0486 Thy latest words. In the reproof of chance
0487 Lies the true proof of men. The sea being smooth,
0488 35 How many shallow bauble boats dare sail
0489 Upon her ⟨patient⟩ breast, making their way
0490 With those of nobler bulk!
0491 But let the ruffian Boreas once enrage
0492 The gentle Thetis, and anon behold
0493 40 The strong-ribbed bark through liquid mountains cut,
0494 Bounding between the two moist elements,
0495 Like Perseus’ horse. Where’s then the saucy boat
0496 Whose weak untimbered sides but even now
p. 450497 Corrivaled greatness? Either to harbor fled
0498 45 Or made a toast for Neptune. Even so
0499 Doth valor’s show and valor’s worth divide
0500 In storms of Fortune. For in her ray and brightness
0501 The herd hath more annoyance by the breese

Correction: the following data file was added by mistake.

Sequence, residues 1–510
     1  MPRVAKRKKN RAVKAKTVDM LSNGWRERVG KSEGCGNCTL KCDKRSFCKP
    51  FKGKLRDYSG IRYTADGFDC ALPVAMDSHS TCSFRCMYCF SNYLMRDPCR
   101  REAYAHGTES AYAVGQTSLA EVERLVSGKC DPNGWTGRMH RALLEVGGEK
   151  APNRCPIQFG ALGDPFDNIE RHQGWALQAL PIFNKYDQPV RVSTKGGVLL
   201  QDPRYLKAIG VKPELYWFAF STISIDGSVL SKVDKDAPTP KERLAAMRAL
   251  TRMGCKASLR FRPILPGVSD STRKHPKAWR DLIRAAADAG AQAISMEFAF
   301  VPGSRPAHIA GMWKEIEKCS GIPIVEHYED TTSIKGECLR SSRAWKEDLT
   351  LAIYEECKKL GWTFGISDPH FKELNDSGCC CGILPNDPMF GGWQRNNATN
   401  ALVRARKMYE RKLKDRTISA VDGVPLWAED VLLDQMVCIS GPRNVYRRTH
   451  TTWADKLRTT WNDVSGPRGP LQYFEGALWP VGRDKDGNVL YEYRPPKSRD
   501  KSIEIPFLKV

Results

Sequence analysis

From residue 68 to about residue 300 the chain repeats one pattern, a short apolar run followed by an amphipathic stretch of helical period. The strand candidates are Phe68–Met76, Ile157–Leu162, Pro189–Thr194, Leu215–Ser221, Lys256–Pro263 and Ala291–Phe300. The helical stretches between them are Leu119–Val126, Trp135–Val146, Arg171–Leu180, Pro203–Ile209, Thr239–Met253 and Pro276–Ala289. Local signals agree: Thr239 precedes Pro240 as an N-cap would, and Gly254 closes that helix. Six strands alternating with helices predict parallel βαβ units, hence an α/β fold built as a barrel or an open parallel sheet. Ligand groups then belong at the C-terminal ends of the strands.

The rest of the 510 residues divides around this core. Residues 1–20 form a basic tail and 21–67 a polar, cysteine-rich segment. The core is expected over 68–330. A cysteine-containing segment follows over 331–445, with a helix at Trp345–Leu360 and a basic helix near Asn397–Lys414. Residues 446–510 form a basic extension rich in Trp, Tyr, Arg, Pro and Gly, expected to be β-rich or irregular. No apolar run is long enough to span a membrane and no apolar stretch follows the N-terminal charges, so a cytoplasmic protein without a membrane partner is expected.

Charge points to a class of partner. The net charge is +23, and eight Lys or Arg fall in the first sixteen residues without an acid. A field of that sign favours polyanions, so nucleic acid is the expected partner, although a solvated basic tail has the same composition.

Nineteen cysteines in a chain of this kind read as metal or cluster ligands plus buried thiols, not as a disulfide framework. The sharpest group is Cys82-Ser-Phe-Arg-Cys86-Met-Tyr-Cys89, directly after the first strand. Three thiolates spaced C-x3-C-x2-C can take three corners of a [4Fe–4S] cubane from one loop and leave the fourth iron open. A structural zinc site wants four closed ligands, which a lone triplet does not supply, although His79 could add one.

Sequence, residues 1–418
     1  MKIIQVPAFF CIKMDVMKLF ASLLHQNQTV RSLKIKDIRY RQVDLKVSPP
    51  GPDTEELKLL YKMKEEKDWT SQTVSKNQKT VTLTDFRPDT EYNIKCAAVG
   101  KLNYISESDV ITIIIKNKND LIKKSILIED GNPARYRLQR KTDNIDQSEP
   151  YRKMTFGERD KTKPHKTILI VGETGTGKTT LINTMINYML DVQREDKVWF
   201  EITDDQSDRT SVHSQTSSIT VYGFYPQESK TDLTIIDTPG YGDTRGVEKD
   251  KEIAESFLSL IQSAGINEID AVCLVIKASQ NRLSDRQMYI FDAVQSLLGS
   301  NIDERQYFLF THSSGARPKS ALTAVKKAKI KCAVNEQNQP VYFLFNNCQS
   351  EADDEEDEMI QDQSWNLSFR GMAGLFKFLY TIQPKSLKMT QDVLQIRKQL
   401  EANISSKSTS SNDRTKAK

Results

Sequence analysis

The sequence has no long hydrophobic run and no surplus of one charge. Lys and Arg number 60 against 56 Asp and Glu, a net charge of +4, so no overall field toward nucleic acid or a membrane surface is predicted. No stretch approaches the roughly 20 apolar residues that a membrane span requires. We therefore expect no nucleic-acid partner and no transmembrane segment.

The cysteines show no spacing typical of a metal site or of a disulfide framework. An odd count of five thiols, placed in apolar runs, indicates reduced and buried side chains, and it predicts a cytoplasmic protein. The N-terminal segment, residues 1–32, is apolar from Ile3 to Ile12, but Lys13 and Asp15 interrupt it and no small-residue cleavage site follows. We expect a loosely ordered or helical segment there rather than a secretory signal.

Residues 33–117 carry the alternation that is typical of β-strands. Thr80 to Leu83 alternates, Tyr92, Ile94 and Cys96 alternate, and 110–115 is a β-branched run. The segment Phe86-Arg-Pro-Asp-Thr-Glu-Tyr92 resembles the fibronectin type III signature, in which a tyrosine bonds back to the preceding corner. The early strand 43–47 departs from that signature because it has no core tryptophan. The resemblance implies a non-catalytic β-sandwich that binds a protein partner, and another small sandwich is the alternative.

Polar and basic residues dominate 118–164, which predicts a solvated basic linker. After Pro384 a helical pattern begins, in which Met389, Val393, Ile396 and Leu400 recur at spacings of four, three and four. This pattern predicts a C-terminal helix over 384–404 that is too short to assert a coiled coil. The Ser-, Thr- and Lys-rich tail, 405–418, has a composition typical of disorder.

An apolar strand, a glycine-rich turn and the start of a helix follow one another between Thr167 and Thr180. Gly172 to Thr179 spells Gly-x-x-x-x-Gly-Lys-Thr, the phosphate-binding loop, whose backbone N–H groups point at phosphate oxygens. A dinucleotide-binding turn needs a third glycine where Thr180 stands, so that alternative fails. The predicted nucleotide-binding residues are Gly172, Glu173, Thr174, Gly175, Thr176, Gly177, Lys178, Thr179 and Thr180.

0502 Than by the tiger, but when the splitting wind
0503 50 Makes flexible the knees of knotted oaks,
0504 And flies ⌜flee⌝ under shade, why, then the thing of
0506 As roused with rage, with rage doth sympathize,
0507 And with an accent tuned in selfsame key
0508 55 ⌜Retorts⌝ to chiding Fortune.
ULYSSES 0509 Agamemnon,
0510 Thou great commander, nerves and bone of Greece,
0511 Heart of our numbers, soul and only sprite,
0512 In whom the tempers and the minds of all
0513 60 Should be shut up, hear what Ulysses speaks.
0514 Besides th’ applause and approbation,
0515 The which, (⌜to Agamemnon⌝) most mighty for thy
0516 place and sway,
0517 (⌜To Nestor⌝) And thou most reverend for ⟨thy⟩
0518 65 stretched-out life,
0519 I give to both your speeches, which were such
0520 As Agamemnon and the hand of Greece
0521 Should hold up high in brass; and such again
0522 As venerable Nestor, hatched in silver,
0523 70 Should with a bond of air, strong as the axletree
0524 On which heaven rides, knit all the Greekish ears
0525 To his experienced tongue, yet let it please both,
0526 Thou great, and wise, to hear Ulysses speak.
0527 Speak, Prince of Ithaca, and be ’t of less expect
0528 75 That matter needless, of importless burden,
0529 Divide thy lips than we are confident
0530 When rank Thersites opes his mastic jaws
0531 We shall hear music, wit, and oracle.⟩
0532 Troy, yet upon his ⟨basis,⟩ had been down,